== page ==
Since the burst of the housing bubble a few years ago and the subsequent crash of real property value, many of the clients who have come into our office have bemoaned the lowered value of their homes, but we have good news for these clients: You do have options.

One of those options is a QPRT (Qualified Personal Residence Trust) a specific kind of trust which allows you to continue living in your home, while at the same time removing it from your taxable estate. Sound too good to be true? It almost is. In fact, this article in Reuters calls it “a chance for clients to have their proverbial cake — a sweet vacation home in Florida, for example — and eat it, too.”

Here is how it works: “In a QPRT, the grantor transfers up to two residences into an irrevocable trust and retains the right to use the home for a pre-determined period, or trust term. Terms can vary widely — 10 years is typical, but can run for 40 — and the idea is to make sure grantors outlive the term… Once the term concludes, the grantor then pays rent to the trust. The beneficiaries become landlords, and open a brokerage-type vehicle to receive payments titled to the trust. There’s no income tax on those payments, a big plus for beneficiaries.”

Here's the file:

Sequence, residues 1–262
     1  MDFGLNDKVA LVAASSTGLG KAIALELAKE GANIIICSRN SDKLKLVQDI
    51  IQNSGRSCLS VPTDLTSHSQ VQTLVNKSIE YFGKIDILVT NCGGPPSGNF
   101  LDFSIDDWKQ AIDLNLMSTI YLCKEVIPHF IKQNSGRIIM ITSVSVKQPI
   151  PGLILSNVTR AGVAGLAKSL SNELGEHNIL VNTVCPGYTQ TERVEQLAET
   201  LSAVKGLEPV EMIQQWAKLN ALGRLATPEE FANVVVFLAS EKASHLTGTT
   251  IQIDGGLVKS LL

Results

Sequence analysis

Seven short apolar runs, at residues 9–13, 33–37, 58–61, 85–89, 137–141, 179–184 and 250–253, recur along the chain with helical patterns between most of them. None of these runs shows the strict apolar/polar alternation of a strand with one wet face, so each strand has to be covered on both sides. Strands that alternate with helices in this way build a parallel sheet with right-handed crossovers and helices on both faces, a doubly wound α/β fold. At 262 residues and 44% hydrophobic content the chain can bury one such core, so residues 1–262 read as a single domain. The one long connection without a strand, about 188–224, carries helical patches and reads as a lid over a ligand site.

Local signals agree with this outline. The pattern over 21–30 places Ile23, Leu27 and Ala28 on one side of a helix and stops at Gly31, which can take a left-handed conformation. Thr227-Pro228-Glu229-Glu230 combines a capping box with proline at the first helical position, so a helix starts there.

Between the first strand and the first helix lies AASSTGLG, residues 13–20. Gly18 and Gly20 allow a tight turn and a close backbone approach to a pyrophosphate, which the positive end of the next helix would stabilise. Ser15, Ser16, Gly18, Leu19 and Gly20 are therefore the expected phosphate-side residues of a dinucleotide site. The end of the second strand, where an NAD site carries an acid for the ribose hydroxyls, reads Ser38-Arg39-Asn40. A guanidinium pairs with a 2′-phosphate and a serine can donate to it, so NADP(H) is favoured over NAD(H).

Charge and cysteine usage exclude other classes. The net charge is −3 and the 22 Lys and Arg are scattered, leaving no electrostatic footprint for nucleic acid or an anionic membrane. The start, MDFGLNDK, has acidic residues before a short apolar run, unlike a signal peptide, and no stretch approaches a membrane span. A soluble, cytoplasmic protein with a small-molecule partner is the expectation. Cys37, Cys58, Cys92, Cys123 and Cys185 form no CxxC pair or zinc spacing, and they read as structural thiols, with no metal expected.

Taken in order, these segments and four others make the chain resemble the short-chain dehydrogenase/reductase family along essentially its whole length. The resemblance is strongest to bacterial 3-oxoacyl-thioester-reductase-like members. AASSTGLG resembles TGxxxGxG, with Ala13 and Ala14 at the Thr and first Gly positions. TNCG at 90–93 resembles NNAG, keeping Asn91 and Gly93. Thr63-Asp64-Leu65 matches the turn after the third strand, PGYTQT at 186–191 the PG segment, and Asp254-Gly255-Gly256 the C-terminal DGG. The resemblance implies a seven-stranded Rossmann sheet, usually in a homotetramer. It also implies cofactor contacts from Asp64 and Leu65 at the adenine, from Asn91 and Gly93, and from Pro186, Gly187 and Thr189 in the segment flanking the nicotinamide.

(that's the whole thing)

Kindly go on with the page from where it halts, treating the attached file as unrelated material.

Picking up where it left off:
The reason the QPRT is such a boon right now, while property values are low, is that grantors are able to “gift” the residence into the trust while the value is low and still under the gift tax exemption amount. If the value of the property increases over the term of the trust (which it almost certainly will) the grantor does not have to pay gift tax on that increase, but the recipients of the trust will still benefit from the increased value.

The QPRT appears to be a perfect tool for gifting property to children, but you do want to be careful about how you structure the trust, and consider carefully your relationship with your children. Once the trust term is over the property belongs to the beneficiaries (your children.) Many families arrange to have the grantor continue to live in the home, but begin paying rent to the beneficiaries once the trust term is up; however, the beneficiaries have no obligation to allow the grantor to continue living in the property.

And if you think you can escape the eviction concern by simply making the term of the trust so long you’re likely to pass away before the term is up, think again. “Die before the term’s up and your property reverts to the estate and takes an estate tax hit. That’s why planners stress picking a term you and your spouse expect to outlive.”

If you feel a QPRT may be a good planning tool for your family, give us a call. We can answer any questions you have and help you determine whether a QPRT could benefit you.